No one's ever gonna find him.
Then who are you looking for? MJ, I need a copy of that manifest.
[ENGINES IDLING] SMOKEY: It's all arranged.
You got locations in St.
Louis and Denver.
Secure, private, safe.
Thank you, Smokey.
You can give the addresses to Dembe.
He'll alert the unfortunate guests.
Why unfortunate? While I was in prison, certain people in my organization took it upon themselves to do a little freelancing.
Others attempted to move against me.
In the time since that regrettable chapter ended, I've determined who the Benedict Arnolds are and will be confronting them about it at the locations you've secured.
[SCOFFS] The opportunities you give people.
This is what some of them do? Bite the hand like that? Ooh.
Eaz-I d-eaz-on't kn-eaz-ow wh-eaz-at t-eaz-o s-eaz-ay.
I'm sure you're not really surprised by how few people I can trust.
You can count on me, 100%.
[FINGERS SNAP] That means more than you know, Smokey.
Those people who turned, just how unfortunate are they gonna be? I'll know when I see them.
Ultimately, everyone's fate is negotiable.
Except the person who turned me in.
Whoever they are, their fate is sealed.
Elizabeth! A warm light in an otherwise dark and gloomy day.
Are you coming or going? Going.
On a West Coast swing to Los Angeles.
We have a few stops along the way, so I'm a bit pressed for time.
If you don't mind Right.
Whatever you ask.
Dembe's teaching me backgammon.
I'm sorry to rush to the point, but I need your help.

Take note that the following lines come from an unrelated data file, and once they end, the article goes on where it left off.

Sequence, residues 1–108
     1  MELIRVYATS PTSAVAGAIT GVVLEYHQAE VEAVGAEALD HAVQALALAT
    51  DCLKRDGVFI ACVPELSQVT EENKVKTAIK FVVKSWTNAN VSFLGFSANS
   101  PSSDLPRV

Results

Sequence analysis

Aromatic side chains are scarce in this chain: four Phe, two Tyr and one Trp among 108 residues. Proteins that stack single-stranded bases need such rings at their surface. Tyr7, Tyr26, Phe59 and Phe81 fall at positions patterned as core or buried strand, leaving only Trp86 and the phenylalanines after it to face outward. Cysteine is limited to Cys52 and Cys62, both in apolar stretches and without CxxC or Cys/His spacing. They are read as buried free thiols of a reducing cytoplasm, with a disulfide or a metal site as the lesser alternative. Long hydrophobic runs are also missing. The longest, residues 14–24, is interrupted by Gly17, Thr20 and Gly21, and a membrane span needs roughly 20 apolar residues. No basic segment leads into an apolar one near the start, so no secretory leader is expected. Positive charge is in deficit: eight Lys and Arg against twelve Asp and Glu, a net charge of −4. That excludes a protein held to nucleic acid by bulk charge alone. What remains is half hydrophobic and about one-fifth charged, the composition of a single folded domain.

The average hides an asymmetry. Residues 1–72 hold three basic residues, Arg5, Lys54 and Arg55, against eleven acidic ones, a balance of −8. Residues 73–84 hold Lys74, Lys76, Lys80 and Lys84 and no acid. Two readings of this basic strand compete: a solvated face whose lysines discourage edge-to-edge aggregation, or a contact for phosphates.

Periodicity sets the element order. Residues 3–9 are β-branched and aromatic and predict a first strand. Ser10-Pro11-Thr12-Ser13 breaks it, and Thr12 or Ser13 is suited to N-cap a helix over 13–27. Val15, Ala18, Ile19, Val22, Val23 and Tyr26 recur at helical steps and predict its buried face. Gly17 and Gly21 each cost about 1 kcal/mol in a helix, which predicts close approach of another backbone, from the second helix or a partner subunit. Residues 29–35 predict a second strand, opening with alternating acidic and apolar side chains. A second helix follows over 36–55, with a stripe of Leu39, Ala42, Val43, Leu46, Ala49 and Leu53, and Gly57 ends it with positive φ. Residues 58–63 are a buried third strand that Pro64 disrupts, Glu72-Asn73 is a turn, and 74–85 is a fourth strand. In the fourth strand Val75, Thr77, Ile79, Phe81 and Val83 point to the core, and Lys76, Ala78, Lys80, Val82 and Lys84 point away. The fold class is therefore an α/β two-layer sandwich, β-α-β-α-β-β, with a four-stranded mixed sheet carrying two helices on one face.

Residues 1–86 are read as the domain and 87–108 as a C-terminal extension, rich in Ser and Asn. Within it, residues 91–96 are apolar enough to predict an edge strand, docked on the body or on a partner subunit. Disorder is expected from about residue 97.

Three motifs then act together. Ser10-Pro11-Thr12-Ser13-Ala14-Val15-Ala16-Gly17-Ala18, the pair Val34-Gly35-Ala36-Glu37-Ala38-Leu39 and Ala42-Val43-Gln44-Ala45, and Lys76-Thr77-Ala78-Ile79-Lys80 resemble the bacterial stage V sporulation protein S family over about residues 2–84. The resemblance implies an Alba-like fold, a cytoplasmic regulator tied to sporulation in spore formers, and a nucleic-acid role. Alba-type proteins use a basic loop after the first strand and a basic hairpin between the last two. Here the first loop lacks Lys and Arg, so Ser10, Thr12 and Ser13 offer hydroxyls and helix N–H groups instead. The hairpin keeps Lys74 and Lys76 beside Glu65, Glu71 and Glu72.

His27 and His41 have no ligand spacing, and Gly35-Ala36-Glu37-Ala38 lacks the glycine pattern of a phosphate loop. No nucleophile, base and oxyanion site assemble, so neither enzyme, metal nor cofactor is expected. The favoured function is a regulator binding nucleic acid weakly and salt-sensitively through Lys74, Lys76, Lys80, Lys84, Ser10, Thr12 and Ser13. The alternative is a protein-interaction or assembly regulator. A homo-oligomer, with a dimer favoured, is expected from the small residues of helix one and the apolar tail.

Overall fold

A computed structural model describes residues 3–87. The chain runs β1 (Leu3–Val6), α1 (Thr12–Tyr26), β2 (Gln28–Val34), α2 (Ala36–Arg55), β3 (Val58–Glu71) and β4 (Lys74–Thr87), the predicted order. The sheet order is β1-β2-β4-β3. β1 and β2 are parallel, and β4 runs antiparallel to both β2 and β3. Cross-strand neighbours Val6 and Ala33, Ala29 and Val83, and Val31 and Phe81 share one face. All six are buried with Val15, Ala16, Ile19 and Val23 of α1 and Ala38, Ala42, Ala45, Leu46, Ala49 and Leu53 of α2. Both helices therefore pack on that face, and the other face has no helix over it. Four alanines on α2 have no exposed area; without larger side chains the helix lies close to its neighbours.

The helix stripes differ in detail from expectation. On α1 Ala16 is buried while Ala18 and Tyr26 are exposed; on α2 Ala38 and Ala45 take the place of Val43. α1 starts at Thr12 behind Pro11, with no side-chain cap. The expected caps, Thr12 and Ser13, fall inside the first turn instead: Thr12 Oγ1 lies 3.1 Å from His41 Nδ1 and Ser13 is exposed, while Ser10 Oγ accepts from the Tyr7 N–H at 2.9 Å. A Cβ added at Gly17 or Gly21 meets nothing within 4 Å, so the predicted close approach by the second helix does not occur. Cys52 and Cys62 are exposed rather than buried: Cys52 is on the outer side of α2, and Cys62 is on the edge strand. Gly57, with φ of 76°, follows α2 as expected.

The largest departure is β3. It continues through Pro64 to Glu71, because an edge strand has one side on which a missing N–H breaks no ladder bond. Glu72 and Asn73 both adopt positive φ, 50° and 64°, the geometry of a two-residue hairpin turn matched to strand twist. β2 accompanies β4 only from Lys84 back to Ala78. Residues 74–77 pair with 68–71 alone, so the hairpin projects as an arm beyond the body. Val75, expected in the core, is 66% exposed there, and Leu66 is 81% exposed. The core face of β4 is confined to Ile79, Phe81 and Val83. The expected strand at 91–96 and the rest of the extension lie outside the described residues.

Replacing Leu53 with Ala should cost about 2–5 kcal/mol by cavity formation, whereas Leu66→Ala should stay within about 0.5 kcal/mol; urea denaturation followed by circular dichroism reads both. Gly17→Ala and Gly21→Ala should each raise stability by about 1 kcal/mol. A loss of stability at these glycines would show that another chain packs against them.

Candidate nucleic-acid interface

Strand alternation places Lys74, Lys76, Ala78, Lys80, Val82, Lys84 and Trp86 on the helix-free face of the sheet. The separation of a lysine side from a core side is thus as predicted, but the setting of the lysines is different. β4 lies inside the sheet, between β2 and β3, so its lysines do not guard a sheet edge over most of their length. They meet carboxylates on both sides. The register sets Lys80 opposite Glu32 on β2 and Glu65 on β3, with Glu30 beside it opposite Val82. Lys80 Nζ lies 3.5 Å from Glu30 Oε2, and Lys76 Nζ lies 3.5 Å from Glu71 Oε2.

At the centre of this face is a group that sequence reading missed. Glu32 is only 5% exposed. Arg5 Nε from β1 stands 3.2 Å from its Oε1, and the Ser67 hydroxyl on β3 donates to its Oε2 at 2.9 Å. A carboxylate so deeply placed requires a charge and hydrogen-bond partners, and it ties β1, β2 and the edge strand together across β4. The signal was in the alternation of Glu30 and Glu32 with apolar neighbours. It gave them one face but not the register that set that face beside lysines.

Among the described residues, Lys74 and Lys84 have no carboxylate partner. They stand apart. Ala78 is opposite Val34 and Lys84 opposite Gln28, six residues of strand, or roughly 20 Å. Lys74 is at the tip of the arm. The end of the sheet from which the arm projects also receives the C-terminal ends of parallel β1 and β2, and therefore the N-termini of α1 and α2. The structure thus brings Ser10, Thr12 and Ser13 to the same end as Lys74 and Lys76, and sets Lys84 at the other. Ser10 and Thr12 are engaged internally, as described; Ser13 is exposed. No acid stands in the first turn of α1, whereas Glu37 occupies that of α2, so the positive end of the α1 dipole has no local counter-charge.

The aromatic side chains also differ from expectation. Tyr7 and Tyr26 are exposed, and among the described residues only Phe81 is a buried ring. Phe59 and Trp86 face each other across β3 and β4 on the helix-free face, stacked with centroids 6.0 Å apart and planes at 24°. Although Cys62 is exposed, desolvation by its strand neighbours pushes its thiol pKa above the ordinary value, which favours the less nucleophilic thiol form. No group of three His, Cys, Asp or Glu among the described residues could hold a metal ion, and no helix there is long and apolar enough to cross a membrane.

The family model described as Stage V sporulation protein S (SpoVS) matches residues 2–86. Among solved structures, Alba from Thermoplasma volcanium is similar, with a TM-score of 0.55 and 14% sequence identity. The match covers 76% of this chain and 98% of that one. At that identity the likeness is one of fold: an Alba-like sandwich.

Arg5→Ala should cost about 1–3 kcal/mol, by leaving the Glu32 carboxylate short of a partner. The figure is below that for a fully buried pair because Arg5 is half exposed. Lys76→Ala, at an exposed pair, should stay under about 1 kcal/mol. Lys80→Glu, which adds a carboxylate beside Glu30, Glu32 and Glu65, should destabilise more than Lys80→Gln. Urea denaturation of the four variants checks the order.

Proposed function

An associate has had a sudden and startling stroke of good fortune.
A-And that's a bad thing? Imagine gambling away your mortgage, facing financial ruin because you're addicted to chance.
And then imagine, in that moment of anguish and desperation, you're offered salvation erase your debt, keep a roof over your family's head.
- Would you take it? - What's the catch? No catch.
A bet.
On yourself.
A dance with Lady Luck.
Lady Luck.
An urban legend that Reddington claims is all too real.
A Blacklister who serves up salvation in one hand and damnation in the other.
- So, what's the bet? - Reddington doesn't know, because no one's lived long enough to say.
And this Lady Luck, she's propositioned an associate of his? Yes, someone Reddington claims has done business with the Third Estate and may be able to tell us about their plot against America.
Maybe.
Which means maybe not.
Tell us about this friend.
All right.
His name is Henry Morris.
He lost $3,400 last night in Atlantic City.
And based on bank records, over the past two years, he's lost $196,000.
HENRY: I'm not sure I can do this.
AGATHE: We made a bet, Henry.
You win, you get $200,000.
You lose, your family gets evicted.
Are you calling to say you lost? No.
I'm just I'm not sure.
Well, get sure.
I'm married to a loser, Henry.
Trust me, it's a fate worse than death.
[PHONE BEEPS] ARAM: Henry Morris left the casino at 4:18 a.
m.
Hasn't been seen since.
Could be he's running from people he owes money to.
Or maybe Lady Luck convinced him to gamble with his own life.
Let's start there.
Go talk to his wife.
Let's see what she can offer.